Generally speaking, what advice would you give to the younger generation?

Roland: Courage and foresight are the building blocks to success. The tools you’ll need are hard work and patience.

Xandy: Focus only on what advances your personal and professional life. This can be difficult given the overwhelming amount of information and sources nowadays. When it comes to the information you consume, sift out what’s not really important. Read background reports and expert articles that you find interesting and will help you develop professionally.

Nicole: What I would tell my own child is to enjoy being young: it’s a precious time in your life that only happens once.

And what about money? Do you have any specific advice? 

Susanne: You should get an idea of what your aims and goals are. That means figuring out what matters to you in life, what you can put off to later, what’s essential and what you can do without. Not an easy thing to do, but being aware of your spending isn’t just good for your wallet, it also builds character.

Nicole: Money is not the most important thing, but having enough of it frees you to focus on what’s essential. Nobody knows what the future holds, so read up on economic topics. They can be really quite fascinating.

Xandy: Only buy what you can afford and with money you’ve saved. Your work colleague might have a fancy new sports car, but for all you know they could be up to their ears in debt. Later on, your colleague may well grow jealous of how much you can afford because of how well you managed your money.

Any tips on how to save and enjoy a worry-free life in retirement?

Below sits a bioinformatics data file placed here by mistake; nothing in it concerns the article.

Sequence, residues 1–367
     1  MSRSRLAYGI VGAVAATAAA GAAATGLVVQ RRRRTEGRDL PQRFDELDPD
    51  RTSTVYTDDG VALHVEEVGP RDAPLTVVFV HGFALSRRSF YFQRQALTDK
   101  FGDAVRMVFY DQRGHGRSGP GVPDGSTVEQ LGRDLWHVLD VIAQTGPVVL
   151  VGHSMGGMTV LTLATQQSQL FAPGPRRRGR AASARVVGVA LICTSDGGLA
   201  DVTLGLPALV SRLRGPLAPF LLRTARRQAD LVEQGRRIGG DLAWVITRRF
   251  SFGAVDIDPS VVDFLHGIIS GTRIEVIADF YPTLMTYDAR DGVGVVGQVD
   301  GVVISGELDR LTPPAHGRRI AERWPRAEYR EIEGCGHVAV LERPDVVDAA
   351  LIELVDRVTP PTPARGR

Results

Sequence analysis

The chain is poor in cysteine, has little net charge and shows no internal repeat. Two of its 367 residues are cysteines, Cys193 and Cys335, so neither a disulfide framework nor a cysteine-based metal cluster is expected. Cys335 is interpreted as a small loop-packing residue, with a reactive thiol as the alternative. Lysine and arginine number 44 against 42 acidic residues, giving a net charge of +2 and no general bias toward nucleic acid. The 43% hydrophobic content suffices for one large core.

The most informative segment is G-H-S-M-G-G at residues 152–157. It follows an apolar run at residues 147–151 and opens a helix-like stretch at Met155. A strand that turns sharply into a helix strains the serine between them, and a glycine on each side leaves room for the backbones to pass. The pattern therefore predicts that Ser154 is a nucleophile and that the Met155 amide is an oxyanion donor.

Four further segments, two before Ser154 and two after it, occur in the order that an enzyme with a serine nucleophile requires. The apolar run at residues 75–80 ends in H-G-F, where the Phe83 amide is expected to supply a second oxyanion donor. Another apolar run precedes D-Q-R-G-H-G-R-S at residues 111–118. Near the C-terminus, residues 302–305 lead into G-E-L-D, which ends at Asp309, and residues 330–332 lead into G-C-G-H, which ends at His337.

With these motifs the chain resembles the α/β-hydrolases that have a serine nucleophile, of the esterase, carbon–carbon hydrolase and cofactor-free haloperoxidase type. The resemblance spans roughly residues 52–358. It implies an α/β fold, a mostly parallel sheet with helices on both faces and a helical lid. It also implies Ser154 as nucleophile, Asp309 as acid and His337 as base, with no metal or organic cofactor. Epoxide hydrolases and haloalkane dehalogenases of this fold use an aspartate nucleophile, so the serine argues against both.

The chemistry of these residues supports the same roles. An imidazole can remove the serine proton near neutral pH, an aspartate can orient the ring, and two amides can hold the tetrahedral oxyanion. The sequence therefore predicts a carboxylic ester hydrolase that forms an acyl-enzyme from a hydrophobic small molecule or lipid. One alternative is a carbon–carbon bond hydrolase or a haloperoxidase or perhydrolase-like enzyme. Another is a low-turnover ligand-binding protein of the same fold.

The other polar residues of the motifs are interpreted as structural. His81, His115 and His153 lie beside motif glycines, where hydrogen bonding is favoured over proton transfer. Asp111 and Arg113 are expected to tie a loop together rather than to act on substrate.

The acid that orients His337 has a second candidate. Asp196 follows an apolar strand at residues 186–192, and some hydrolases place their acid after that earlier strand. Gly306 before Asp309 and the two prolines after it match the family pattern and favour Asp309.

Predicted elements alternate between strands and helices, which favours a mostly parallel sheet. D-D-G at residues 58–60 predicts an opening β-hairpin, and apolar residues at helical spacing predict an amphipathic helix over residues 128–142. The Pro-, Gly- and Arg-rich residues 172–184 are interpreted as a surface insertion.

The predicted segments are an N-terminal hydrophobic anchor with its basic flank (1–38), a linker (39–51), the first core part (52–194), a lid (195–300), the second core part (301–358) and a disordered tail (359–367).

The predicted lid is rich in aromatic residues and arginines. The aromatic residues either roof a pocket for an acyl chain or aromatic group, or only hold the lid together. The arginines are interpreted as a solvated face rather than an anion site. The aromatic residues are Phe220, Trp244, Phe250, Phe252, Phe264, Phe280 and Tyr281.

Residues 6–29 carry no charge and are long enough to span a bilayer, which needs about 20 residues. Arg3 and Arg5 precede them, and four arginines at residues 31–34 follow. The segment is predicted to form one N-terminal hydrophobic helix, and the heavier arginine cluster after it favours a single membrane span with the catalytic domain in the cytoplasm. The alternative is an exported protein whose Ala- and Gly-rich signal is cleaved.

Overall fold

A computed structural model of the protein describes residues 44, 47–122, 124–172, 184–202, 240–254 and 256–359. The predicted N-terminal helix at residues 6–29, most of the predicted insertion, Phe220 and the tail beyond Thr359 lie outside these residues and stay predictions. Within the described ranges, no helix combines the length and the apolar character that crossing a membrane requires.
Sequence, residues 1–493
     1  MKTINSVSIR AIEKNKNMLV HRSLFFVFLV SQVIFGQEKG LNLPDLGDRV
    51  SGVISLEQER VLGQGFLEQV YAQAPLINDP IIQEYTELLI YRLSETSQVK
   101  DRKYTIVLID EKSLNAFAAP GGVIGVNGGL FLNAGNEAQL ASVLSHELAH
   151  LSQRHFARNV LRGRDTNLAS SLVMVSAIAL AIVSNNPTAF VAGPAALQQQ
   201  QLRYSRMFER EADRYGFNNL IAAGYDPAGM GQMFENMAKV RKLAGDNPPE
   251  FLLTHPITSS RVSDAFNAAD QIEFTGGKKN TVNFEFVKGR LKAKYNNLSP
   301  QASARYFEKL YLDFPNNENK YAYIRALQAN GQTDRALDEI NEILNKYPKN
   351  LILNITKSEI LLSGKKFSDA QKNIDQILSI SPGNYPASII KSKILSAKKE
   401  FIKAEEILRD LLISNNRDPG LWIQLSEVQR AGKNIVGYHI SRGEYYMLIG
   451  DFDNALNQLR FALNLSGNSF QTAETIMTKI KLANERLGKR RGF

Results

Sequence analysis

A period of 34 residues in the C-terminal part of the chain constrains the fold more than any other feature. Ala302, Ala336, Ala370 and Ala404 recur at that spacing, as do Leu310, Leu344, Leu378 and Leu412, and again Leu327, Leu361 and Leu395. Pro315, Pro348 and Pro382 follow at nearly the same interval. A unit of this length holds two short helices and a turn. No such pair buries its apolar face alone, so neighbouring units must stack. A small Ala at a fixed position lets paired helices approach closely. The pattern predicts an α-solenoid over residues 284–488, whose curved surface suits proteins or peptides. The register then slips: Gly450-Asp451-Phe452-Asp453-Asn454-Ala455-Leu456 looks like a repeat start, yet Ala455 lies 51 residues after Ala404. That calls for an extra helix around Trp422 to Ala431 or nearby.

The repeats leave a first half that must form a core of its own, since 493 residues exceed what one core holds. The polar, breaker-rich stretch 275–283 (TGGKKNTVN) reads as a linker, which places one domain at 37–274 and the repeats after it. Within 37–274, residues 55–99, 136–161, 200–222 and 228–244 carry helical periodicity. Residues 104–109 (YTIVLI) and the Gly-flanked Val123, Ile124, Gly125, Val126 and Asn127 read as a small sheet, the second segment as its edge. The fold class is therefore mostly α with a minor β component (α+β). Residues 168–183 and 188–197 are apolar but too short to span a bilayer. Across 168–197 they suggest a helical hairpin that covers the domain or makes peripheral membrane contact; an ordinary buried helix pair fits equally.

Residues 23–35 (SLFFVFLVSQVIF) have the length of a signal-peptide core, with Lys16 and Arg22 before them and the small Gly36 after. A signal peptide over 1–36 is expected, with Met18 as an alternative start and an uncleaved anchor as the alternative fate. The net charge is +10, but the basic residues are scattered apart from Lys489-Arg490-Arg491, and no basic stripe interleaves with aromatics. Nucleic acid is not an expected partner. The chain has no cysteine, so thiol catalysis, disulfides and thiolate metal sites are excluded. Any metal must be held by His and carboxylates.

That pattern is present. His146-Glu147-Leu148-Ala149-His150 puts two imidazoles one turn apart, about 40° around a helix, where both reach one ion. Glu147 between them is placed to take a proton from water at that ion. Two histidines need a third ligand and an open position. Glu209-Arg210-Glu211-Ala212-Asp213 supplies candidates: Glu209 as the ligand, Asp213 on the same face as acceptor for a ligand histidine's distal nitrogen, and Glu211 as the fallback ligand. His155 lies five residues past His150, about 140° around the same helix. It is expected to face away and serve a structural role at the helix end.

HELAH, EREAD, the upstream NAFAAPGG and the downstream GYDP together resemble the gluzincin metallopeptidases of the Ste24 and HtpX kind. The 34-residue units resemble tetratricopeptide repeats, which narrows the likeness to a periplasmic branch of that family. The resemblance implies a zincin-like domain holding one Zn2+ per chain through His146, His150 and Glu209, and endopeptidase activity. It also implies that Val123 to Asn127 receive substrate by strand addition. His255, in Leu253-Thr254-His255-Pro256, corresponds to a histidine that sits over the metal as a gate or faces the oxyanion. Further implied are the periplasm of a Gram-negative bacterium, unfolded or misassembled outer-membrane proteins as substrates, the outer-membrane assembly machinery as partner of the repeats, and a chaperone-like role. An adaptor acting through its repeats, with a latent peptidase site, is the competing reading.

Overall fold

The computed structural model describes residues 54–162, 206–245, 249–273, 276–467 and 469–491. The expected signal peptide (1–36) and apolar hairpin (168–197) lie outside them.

Roland: It’s like building a house. First you have to choose a plot and create a good foundation, then with hard work and patience, your building will take shape. So start early and opt for strong strategies with securities and risks in equal measure. Try not to miss opportunities and don’t take risks out of greed.

Susanne: As a pensioner it’s simply wonderful to be able to reap the rewards of your working life without any financial worries. I think the best approach is to have both a fixed pension and savings for specific goals and as a safety net. While it’s practically inaccessible for young families nowadays unfortunately, the security and financial advantages of having your own home are not to be underestimated.

Xandy: I come from your grandparents’ generation, a time when the only way for salaries was up. Nobody could have told you what a “pension cut” was. It was actually quite common to retire early with a full pension. I have to stop here or else I’m going to start feeling guilty thinking of you young people! If I could give one good piece of advice, it would be this: start saving for retirement as soon as possible!

If you could go back in time, what would you do differently with regard to your retirement planning? 

Nicole: I would start saving with pillar 3a early on and make my money do the work, instead of squirreling it away in bank accounts.

Roland: I would seek and compare more opinions, but I would still be happy even if everything didn’t work out perfectly.

Susanne: The strategy I mentioned earlier has served me well, so I’m quite happy with how things have turned out.

How much money will you have when you retire?

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Would you like to learn more about saving for retirement?

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